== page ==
Today, that moment of ‘women’s history’ seems both present and a long way off.  The field’s founders and pioneers are now retiring.  They leave impressive accomplishments – an academic landscape in which ‘women’ as subjects of study and ‘gender’ as a ‘useful category’ are taken for granted; positions, programs and professorial chairs in the UK and US alike; rich scholarship stretching across three generations.  But institutionalization and what we might call analytic ‘complexification’ has also changed the field in many ways.  It seems a good moment for celebration and acknowledgement, then, but also for reflection.  How does this field now look to some of its early pioneers?   How has mentorship and ‘school-formation’ worked?  What have successive generations taken from earlier generations’ work, and how have they transformed it?  What happened to those early institution and networks?  What has been gained and lost through the process of institutionalization?  What has happened both to the ‘place’ of the feminist imperative within history, and to the relatively privileged place of Britain within that scholarship?

Watch this conference on Vimeo.

Participants

  • Sally Alexander

    Professor of Modern History

    Goldsmiths, University of London

  • Bonnie Anderson

    Professor Emerita

    Brooklyn College and the Graduate Center, City University of New York

  • Christopher L.  Brown

    Professor of History

    Columbia University

  • Arianne Chernock

    Assistant Professor of History

    Boston University

  • Anna Clark

    Professor of History

    University of Minnesota

  • Deborah A.  Cohen

    Peter B. Ritzma Professor of the Humanities and Professor of History

    Northwestern University

  • Leonore Davidoff

    Research Professor, Department of Sociology

    University of Essex

  • Lucy Delap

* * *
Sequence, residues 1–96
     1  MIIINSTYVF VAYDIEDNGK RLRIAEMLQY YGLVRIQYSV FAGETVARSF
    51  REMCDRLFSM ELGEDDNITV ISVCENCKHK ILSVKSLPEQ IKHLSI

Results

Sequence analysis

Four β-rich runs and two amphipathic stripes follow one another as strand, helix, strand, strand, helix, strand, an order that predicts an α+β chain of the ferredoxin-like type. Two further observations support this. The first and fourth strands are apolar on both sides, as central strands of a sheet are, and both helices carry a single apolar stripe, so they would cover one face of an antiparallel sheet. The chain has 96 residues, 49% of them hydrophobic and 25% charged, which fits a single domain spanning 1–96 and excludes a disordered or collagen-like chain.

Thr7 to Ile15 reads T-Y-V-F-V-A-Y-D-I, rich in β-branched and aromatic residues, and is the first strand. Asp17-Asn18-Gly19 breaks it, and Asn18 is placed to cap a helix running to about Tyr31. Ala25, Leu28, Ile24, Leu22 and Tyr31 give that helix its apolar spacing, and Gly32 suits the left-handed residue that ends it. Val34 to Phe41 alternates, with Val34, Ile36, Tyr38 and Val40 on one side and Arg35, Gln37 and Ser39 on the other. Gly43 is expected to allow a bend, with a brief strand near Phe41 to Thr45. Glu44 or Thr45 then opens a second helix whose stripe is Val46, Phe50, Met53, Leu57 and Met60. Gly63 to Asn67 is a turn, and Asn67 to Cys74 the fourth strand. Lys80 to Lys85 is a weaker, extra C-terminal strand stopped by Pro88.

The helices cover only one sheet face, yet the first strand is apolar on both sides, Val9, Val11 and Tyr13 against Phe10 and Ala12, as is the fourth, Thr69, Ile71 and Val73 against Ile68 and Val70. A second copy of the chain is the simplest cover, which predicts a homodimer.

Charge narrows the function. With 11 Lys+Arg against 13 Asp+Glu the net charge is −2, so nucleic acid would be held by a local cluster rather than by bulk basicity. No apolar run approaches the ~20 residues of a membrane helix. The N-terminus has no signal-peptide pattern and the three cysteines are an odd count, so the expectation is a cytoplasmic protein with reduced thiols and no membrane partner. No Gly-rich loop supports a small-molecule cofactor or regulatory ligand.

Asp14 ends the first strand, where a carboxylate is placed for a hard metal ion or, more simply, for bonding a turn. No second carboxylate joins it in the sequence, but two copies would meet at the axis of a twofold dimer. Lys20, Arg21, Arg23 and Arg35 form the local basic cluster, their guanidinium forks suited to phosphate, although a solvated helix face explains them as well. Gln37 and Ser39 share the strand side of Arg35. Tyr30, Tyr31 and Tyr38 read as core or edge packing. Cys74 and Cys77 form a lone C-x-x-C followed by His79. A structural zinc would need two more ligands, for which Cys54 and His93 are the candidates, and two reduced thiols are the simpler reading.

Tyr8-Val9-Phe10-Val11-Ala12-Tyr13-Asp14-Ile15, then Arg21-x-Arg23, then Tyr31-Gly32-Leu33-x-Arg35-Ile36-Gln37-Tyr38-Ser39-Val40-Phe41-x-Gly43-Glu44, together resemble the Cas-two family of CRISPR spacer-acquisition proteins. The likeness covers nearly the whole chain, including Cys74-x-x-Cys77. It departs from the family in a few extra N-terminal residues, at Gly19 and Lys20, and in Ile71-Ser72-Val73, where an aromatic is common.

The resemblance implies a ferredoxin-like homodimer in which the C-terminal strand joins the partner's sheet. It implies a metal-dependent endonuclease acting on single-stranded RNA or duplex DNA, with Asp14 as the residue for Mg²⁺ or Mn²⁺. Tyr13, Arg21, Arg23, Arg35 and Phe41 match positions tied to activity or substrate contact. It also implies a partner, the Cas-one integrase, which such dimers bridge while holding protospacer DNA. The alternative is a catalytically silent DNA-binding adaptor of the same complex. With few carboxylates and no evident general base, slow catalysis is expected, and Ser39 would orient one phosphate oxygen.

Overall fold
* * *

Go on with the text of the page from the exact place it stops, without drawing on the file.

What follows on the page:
Faculty of History

    University of Cambridge

  • April Gallwey

    Research Fellow in Oral History, Institute of Advanced Study

    University of Warwick

  • Durba Ghosh

    Associate Professor of History

    Cornell University

  • Eileen Gillooly

    Associate Director

    Heyman Center for the Humanities

  • Kathryn Gleadle

    Lecturer in Modern History

    University of Oxford

  • Susan R. Grayzel

    Professor of History

    University of Mississippi

  • Mary S.  Hartman

    Founder and Senior Scholar – Institute for Women’s Leadership

    Rutgers University

  • Jean Howard

    George Delacorte Professor in the Humanities

    Columbia University

  • Karen Hunt

    Professor of Modern British History

    Keele University

  • Seth Koven

    Associate Professor of History

    Rutgers University

  • Thomas Laqueur

    Helen Fawcett Professor

    University of California, Berkeley

  • Phyllis Mack

    Professor of History

    Rutgers University

  • Sharon Marcus

    Orlando Harriman Professor of English and Comparative Literature

    Columbia University

  • Deborah Nord

    Professor of English

    Princeton University

  • Susan Pedersen

    James P. Shenton Professor of the Core Curriculum

    Columbia University

  • Ellen Ross

    Professor of Women's Studies

    Ramapo College

  • Bonnie Smith

    Board of Governors Professor of History

    Rutgers University

  • Penny Summerfield

    Professor of Modern History

    University of Manchester

  • Pat Thane

    Professor Emerita

    University of London

  • Selina Todd

    Lecturer in Modern British History

    University of Oxford

  • Deborah Valenze

    Professor of History

    Barnard College

  • Judith Walkowitz

    Professor of Modern European Cultural and Social History

    John Hopkins University

  • Ina Zweiniger-Bargielowska

    Professor of History

    University of Illinois at Chicago